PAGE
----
Back on July 19, 2017, the United States Court of Appeals for the Second Circuit lowered the causation standard that an employee has to meet in order to bring a retaliation claim against an employer under the FMLA (Family and Medical Leave Act). The Second Circuit explained that FMLA retaliation claims should be analyzed through a “motivating factor” causation standard as opposed to a “but for” causation standard. With the usage of this standard, all an employee has to do in order to bring a viable claim for retaliation against an employer in the Second Circuit is to simply prove that their employer, in correlation with an adverse employment action, viewed an employee’s utilization of the FMLA, in a negative light. The Second Circuit now joins the Third Circuit in using this causation standard.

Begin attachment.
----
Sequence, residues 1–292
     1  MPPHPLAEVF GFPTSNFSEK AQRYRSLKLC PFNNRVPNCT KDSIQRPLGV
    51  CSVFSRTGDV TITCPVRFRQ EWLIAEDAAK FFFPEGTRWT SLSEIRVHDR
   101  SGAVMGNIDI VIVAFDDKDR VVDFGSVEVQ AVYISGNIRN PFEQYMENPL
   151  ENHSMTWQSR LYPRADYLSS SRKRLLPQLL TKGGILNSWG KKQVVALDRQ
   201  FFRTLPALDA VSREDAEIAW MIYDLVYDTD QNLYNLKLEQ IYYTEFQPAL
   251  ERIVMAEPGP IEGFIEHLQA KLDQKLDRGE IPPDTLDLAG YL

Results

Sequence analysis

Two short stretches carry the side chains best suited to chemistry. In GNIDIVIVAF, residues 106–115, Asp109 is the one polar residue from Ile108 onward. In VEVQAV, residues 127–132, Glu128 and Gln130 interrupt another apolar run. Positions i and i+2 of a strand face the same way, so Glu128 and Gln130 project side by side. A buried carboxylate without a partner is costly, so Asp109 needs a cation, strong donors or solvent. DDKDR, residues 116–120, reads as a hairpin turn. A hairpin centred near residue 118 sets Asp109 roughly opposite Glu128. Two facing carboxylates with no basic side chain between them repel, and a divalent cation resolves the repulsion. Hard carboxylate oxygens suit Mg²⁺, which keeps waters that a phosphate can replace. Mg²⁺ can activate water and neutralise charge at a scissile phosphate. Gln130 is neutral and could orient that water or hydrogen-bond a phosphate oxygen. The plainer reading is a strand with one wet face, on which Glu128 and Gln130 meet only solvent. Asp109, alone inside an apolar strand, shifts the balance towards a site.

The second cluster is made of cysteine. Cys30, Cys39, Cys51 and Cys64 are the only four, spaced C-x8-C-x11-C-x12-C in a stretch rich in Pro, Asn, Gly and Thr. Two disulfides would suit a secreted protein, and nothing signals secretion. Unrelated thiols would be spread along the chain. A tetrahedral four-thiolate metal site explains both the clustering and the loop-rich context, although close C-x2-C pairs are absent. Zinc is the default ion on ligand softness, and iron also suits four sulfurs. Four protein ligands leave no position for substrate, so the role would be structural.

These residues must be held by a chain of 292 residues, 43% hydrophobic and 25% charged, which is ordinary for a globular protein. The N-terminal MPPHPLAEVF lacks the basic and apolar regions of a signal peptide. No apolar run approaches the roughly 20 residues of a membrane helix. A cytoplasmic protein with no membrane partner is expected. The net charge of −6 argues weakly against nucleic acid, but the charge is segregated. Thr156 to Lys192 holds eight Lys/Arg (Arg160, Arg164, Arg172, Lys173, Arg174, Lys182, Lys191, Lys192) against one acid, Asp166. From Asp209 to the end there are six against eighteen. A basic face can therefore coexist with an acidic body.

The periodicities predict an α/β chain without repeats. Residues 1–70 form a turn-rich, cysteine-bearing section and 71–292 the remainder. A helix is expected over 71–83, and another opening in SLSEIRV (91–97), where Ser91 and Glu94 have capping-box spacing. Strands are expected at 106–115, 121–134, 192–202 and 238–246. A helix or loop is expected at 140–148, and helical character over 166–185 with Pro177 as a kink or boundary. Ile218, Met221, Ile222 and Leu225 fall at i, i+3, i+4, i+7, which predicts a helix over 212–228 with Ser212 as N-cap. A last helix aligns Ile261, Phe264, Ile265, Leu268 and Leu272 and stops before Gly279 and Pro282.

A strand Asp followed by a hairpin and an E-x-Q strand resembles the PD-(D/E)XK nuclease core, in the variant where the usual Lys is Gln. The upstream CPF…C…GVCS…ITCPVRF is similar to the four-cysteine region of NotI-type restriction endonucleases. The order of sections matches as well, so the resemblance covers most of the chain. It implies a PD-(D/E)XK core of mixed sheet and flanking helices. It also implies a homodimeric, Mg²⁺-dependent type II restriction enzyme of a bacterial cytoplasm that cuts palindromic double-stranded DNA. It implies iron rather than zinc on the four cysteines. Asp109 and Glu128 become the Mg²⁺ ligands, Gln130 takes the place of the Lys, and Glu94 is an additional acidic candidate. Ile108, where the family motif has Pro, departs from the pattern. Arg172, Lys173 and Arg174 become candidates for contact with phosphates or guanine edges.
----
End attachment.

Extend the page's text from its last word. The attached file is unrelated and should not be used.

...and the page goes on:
The Second Circuit expressed its intent to adopt this plaintiff-friendly causation standard going forward in the case, Woods v. START Treatment & Recovery Centers, Inc. This case involved plaintiff Cassandra Woods, who was employed as a substance abuse counselor for START, a nonprofit and one of the largest non-hospital health providers in New York state, from 2007 until she was fired in 2012. Starting in 2011, Woods found herself at the center of much criticism at work as she received multiple warnings regarding her poor performance and was placed on probation eventually because of it. Over the course of this time, Woods was dealing with numerous health problems including severe anemia. Woods alleges that she had requested time off under the FMLA to deal with these detrimental health conditions on multiple occasions over the course of her employment with START but was always denied this requested leave. Woods was eventually hospitalized for a week as a result of her condition in April of 2012; a period that START admitted was protected under the FMLA. Woods was terminated shortly after her return from the hospital due to what START claimed was because of her alleged incompetent work performance.